“Ozark’s” look at dark dealings in a happy Midwestern tourist spot has made it buzzworthy TV. Over its first two seasons, it earned directing and acting Emmys. Season three, which launched just as America was getting stay-at-home orders, became popular TV to binge-watch during quarantine.
The series follows the Byrdes, an average American family forced to launder money for a Mexican drug cartel. Wife and mom Wendy Byrde (Laura Linney) proves to be especially adroit at navigating the political waters with Missouri state senators as well as drug lords. Impressed by her own talent, she becomes flush with ambition. Enter the Achilles’ heel: her bipolar brother Ben, played by Tom Pelphrey.
In the newest episode of Netflix’s “Scene Stealers” led by Variety’s Jenelle Riley, casting director Alexa L. Fogel, an Emmy winner in her own right, says she’s had to bring many outstanding actors onto the show. “(Executive producer) Chris Mundy is very, very good at walking me through what the arcs are going to be for the season and what the new characters are,” she says. “On ‘Ozark,’ we kill a lot of people. So we add a lot of new, wonderful themes and new characters.”
In “Scene Stealers,” Fogel and Pelphrey discuss how their long history together led to him landing the role.
“This is a partnership,” says Fogel. “It’s one that goes on sometimes for a very, very long time. There’s lots of reasons why you can do good work in the audition room and not get a role. I think that collaboration between [actors and casting directors] is about the long game, and I think it’s important to understand that.”
Fogel had previously placed Pelphrey in the action series “Banshee,” but their first encounter was in 2006. Pelphrey was new on the scene, a fresh Rutgers University grad. He came in to read for one role, but she decided he’d be better for a different one. After auditioning again, he wasn’t cast in that show, but he’d impressed Fogel.
“My agents called me and said, ‘We just got a call from Alexa Fogel who said you’re an incredible actor,’” Pelphrey remembers. “At 24 years old, that was a major win for me. Not all wins are about booking jobs or getting roles … and that takes you a long way, especially when you’re a young actor.”
Fogel also has a long relationship with Linney. In fact, the award-winning actress credits Fogel with teaching her how to audition. “She used to come into my office and break into hives,” says Fogel. Part of her job, she says, is helping actors manage their nerves.
In the first two seasons of “Ozark,” the Byrdes became used to managing extreme personalities: ruthless cartel lieutenants, small-town lowlifes and the Kansas City mafia. Ben’s arrival created a new threat: a family member who represented love to Wendy and the kids as well as Ruth (Julia Garner), Marty Byrde’s right hand in the casino. It’s Ben’s love for Ruth and his desire to show her that affection physically that leads him to stop taking bipolar treatment medications.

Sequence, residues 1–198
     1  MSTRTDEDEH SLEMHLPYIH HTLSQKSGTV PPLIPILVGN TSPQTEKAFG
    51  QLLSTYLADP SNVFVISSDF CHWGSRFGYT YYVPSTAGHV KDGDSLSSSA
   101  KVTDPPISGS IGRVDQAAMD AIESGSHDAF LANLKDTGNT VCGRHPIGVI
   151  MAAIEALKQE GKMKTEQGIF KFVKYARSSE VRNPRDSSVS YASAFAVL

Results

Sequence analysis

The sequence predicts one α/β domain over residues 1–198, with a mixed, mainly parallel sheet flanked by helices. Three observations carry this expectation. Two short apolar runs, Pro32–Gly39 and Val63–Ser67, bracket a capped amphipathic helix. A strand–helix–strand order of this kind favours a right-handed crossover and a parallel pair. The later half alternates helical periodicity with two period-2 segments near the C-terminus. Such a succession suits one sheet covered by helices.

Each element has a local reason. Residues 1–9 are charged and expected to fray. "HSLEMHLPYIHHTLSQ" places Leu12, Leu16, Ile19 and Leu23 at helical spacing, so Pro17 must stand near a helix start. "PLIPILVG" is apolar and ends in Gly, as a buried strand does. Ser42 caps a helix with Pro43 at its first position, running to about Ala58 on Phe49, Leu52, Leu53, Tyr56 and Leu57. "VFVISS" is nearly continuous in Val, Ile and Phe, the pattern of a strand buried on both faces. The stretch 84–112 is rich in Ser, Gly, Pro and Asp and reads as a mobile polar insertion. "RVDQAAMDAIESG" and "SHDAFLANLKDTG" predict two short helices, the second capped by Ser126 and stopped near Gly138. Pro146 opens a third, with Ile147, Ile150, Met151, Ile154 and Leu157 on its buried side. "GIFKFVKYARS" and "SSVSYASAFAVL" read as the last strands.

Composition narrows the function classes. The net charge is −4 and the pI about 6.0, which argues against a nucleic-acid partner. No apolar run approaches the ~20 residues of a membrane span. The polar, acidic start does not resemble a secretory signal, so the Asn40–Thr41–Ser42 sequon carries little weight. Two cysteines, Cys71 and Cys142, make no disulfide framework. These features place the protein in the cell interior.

The challenge for Pelphrey was to slowly transform from the fun uncle, supportive brother, and thoughtful boyfriend to an erratic, explosive, unpredictable bundle of out-of-control emotions. The full expression of Ben’s mental health struggle plays out over three episodes, but in one, in particular, Pelphrey embodies the extremes of bipolar disorder.
At the beginning of episode eight, “BFF,” Ben is tender and gentle, helping girlfriend Ruth recover from a near-fatal beating. The intense stress has triggered his mania, and his decisions become reactive and reckless. Pelphrey manifests Ben’s rapidly changing emotions physically: Initially, he’s agitated, shaking, there’s an edge to his voice. When Ben is unable to confront Ruth’s attacker, he goes to a bar — a surly customer looking for a fight. He finds one, going feral, relentlessly beating a man over his choice of tie.
When he unloads his rage onto the Byrdes at their black-tie event, the tenor of his voice changes into something primal; the viewer can feel the spray of his spittle spewing as he speaks. Placed into a state psychiatric ward, Ben transforms again. Now he’s fragile, sobbing uncontrollably, curled up in self-protection, his voice weak and pleading. Then, upon release, Ben charges at cartel attorney Helen Pierce and unleashes the extent of human frustration, anguish and righteousness into a two-minute, terrifying yet vulnerable roar.
Pelphrey researched the condition extensively, using the book “An Unquiet Mind,” written by an authority on bipolar disorder who also suffers from it. That gave him some guidance on where to take his performance, but ultimately he just had to rely on his instincts. “There was a lot of it that was so out on a limb,” he says. “And I knew that if I was in any way watching myself or judging myself or self-conscious, that it was going to fail.”
Emotions are the colors of any actor’s palette. But Fogel says Pelphrey was able to focus and harness even the most extreme emotions. It’s not easy, she says, “[to] contain it, and be believable and be naturalistic, which is what ‘Ozark’ needs, [and] which Tom did so beautifully.”
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